October 10, 2014

S&P comments on Phil conglomerates debts

Two separate news articles by BusinessWorld and the Philippine Star yesterday reported on the findings by the Standard & Poor’s Rating Services which supposedly raised concerns that some Philippine conglomerates are “highly leveraged.” But if we take a closer look at the articles, the actual quotes by the S&P analysts are not as dire as what the headlines painted. On the contrary, the S&P noted that while debt levels have risen over the years, they see refinancing risks to be “not very high” given that on an aggregate basis the companies are still holding a lot of cash.” BusinessWorld also quoted them as saying “these highly indebted Philippine conglomerates could even withstand the toughest of credit climates, including a rise in interest rates here and abroad.”

Our take: We ran a quick computation on selected Philippine conglomerates to check on their balance sheets. In our computation, we included Ayala Corp (AC), Alliance Global Group (AGI), First Philippine Holdings (FPH), JG Summit Holdings (JGS), Metro Pacific Investments (MPI), SM Investments (SM) and San Miguel Corp (SMC). We note that the aggregate net debt/equity of these companies was at 43% as of 1H14 and little changed from 42% in end-2008. While debt levels have more than doubled during the period in review, their aggregate stockholders’ equity has also expanded by an equal magnitude. Their combined EBITDA is also 1.3x bigger.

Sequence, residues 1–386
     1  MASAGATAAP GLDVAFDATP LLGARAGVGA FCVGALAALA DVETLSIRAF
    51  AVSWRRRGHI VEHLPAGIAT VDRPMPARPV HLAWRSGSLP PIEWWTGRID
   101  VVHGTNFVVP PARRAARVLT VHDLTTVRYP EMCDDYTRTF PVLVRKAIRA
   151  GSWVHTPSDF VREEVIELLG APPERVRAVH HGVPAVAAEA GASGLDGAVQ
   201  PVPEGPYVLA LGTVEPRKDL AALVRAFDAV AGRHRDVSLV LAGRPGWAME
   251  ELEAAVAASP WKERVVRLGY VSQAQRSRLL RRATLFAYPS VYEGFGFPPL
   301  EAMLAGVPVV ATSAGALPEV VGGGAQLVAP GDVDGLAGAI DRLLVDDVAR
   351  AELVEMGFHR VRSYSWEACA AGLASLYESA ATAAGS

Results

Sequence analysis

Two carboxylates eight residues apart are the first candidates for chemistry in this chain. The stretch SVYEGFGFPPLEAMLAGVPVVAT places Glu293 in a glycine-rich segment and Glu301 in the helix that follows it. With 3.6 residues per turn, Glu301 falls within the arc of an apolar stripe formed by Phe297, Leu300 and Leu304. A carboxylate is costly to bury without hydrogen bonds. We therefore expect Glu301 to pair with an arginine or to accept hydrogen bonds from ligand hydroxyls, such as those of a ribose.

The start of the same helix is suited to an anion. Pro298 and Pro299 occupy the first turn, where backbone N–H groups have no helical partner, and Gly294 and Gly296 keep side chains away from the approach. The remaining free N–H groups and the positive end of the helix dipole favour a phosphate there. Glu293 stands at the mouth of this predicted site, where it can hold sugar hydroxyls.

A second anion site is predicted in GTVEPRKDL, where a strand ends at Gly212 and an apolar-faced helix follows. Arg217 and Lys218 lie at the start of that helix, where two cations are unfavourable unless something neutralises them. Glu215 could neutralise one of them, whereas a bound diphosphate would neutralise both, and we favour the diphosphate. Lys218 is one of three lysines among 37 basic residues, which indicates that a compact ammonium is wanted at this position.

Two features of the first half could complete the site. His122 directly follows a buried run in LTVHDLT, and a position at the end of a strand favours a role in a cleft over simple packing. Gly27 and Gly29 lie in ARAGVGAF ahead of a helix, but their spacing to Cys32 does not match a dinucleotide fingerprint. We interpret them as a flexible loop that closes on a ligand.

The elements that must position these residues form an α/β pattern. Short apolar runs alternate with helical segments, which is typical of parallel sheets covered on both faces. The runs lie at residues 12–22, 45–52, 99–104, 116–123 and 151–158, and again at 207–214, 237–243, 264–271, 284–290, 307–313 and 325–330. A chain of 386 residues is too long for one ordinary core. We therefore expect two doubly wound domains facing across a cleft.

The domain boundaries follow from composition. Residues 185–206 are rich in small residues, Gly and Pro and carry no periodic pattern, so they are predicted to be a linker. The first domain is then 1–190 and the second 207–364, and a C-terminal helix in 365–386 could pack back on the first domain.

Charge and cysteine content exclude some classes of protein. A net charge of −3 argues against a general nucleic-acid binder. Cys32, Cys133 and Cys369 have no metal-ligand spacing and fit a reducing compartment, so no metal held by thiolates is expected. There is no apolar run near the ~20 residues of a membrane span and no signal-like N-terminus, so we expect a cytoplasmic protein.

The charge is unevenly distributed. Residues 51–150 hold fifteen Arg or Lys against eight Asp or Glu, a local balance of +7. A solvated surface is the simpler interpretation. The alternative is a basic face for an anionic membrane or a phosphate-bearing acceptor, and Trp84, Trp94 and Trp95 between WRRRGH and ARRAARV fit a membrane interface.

We must also highlight that these companies have prudently taken advantage of the opportunities in the past several years to retire or refinance their old expensive debt in favor of low-cost, fixed-rate debts with longer tenors. There was also a change mix in favor of peso debts.

Finally, while the news articles highlighted comments regarding slower revenue growth, we can attribute this to the higher revenue base that these companies have been generating in the past few years when they were reaping benefits from a strong property market and higher trading gains by their banking subsidiaries.

Going forward, we expect growth to be underpinned by continuing diversification into businesses with recurring cash flows (such as investment assets for property holdings, power generation and infrastructure-related assets) and expansion here and abroad that should amply support debt servicing. – WealthSec